FoT speech sound files tutorial by Retlaw 7/19/2004
Here's a little tutorial I whipped up describing how to make a sound file of an NPCs dialogue play when the NPC talks in Fallout Tactics. I hope this saves someone the aggravation I had getting the process to work.
Making NPCs voice their lines is a relatively simple process once you know how to do it. The hardest part is to find someone who can do acceptable voice acting into a microphone. This tutorial also assumes you know how to make a speech text file for a mission and how to assign dialogue to characters.
For this tutorial, you will need a microphone, a standard Windows utility called “Sound Recorder”, a completed speech.txt file for your mission, and a free .wav to .mp3 conversion utility imaginatively named “wav2mp3” available at http://wav2mp3lame.sourceforge.net/.
First, make sure your microphone is connected to your computer, then open up Windows Sound Recorder. By default, a shortcut to it should be found under “programs/accessories/entertainment” under your Start menu.
Open up your mission’s speech text file. Locate the dialog you want spoken, then position the Sound Recorder on your screen so that the text is not covered up. Hit the record button, and repeat what is in the NPC’s dialog word-for-word – it’s very annoying when spoken words in games don’t match up to the subtitles.
Once you finish saying the lines, hit the stop button and hit the play button to playback what you just did. If you don’t like it, start the recording over and keep repeating the process until you have the desired effect.
Once you are happy with your recording, save it as a .wav file. The name isn’t important yet, nor is where you save it to, but you should name it something informative like “mission briefing” and remember where you saved it.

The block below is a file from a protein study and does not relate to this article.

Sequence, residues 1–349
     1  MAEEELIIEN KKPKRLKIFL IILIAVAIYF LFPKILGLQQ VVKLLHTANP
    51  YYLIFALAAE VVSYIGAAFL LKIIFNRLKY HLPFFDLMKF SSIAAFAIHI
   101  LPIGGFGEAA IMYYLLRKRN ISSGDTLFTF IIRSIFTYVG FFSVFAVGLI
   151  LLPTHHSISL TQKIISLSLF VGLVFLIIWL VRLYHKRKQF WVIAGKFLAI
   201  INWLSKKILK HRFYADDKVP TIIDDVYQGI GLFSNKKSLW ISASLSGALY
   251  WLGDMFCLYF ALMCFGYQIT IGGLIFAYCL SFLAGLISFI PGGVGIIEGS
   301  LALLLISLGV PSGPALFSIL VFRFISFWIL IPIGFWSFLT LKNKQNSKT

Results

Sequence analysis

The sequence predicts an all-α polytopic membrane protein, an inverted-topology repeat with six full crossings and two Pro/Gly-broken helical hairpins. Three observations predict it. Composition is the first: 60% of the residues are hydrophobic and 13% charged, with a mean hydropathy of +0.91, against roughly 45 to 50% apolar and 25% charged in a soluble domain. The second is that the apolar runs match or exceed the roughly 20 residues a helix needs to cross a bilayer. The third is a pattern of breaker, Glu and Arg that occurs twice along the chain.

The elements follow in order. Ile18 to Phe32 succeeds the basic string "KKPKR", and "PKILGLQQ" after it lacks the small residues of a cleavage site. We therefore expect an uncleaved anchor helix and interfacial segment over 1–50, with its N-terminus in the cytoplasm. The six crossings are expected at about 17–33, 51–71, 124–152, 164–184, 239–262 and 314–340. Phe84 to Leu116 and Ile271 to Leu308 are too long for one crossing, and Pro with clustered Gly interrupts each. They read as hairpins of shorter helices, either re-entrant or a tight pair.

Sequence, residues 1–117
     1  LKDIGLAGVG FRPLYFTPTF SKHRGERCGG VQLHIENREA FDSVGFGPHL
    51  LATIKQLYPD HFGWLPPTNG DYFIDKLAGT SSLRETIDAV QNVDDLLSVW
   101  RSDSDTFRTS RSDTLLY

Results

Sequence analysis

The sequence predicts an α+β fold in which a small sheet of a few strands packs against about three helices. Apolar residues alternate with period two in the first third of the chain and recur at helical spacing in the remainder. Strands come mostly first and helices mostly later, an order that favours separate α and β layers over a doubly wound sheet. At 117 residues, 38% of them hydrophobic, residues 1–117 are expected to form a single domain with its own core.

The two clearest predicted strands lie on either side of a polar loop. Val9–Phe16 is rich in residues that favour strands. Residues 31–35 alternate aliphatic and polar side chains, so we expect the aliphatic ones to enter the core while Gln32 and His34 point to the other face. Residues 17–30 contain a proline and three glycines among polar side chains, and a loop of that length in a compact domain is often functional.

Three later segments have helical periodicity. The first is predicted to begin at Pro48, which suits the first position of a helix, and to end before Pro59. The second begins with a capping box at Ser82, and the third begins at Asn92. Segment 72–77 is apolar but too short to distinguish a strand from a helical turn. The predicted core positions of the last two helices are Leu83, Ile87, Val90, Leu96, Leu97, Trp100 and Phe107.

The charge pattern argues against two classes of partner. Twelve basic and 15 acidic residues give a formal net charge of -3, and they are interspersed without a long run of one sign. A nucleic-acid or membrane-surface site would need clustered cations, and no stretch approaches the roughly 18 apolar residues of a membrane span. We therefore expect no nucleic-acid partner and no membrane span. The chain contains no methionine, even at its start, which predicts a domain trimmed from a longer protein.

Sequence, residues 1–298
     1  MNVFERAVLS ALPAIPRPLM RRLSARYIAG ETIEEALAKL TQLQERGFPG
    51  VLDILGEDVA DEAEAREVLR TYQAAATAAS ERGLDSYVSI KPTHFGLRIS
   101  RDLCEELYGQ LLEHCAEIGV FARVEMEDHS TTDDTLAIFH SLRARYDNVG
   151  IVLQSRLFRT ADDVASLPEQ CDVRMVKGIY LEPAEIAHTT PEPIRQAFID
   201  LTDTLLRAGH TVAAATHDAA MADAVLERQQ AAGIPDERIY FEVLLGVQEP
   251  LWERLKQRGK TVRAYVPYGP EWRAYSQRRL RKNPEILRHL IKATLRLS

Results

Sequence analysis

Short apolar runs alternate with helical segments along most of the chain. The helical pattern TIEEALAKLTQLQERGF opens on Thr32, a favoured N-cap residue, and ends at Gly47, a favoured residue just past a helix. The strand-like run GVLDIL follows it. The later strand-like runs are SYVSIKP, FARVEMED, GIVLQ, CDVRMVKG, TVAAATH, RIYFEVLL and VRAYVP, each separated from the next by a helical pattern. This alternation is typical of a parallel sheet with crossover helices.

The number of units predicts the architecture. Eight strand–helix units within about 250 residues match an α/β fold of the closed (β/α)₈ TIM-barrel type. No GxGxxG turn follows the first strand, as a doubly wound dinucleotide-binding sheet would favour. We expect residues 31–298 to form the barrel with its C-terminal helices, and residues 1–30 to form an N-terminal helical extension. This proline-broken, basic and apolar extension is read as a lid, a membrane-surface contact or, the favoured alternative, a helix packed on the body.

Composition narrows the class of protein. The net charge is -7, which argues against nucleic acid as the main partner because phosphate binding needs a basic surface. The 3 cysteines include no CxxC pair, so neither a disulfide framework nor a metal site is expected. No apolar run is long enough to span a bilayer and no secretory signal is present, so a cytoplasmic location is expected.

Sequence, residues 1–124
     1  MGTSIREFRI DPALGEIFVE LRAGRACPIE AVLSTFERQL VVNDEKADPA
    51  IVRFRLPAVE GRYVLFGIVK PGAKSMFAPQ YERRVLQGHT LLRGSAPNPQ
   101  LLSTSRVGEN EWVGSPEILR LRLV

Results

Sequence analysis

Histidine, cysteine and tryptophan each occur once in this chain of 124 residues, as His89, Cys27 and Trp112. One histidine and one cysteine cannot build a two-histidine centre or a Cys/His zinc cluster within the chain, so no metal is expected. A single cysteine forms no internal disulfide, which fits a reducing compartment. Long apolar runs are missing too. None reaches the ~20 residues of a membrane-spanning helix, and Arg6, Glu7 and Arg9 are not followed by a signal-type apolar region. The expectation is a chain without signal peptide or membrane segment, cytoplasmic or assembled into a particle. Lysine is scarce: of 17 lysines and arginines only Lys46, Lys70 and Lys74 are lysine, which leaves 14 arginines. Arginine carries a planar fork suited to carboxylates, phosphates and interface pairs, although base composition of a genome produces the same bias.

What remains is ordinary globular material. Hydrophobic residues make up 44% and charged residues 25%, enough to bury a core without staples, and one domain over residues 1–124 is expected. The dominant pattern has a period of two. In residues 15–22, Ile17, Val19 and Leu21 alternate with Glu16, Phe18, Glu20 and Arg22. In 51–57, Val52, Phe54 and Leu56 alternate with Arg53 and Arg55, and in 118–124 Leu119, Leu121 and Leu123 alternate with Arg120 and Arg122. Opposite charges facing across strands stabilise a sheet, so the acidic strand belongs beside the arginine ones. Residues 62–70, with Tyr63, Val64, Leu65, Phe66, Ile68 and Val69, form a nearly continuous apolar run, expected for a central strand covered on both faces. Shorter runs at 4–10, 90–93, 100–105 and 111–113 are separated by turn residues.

Now, open wav2mp3. Select the quality setting that you want; if you are unsure of what the choices do, refer to the program’s online help. Once you have the quality settings you want, click the “browse” button located under the .mp3 tag information. Those fields are useless for our purposes, and can be ignored.
When you hit the “browse” button a new window pops up. Click on the “add .wav” button and find the recording you made. Click okay, then when it takes you back to the original screen click on “Encode (wav>mp3)”.
Now, THIS PART IS EXTREMELY IMPORTANT. When the save dialog comes up, browse to the folder where your mission’s speech text file is – if the sound is not saved in this folder, it will not play. Once there, type the name of the speech segment you want the sound played during into the “save as” field. For example, if the dialogue the recording matches up with is called “B01_Barnaky_A01”, name the recording “B01_Barnaky_A01.mp3”.
Play the file in any kind of media player you want to make sure it didn’t get mangled in the conversion process somehow. If it checks out, you’re good. If something is wrong, then you probably input weird quality settings in the converter. Change the settings and try the conversion again.
Now run your level. If the sound file plays at the appropriate time, you have succeeded. If it plays at the wrong time, you need to rename the file. If it doesn’t work at all, you need to check your work. If you have a problem you can’t solve, e-mail me at email@example.com or just ask in this thread.
I hope this helps someone.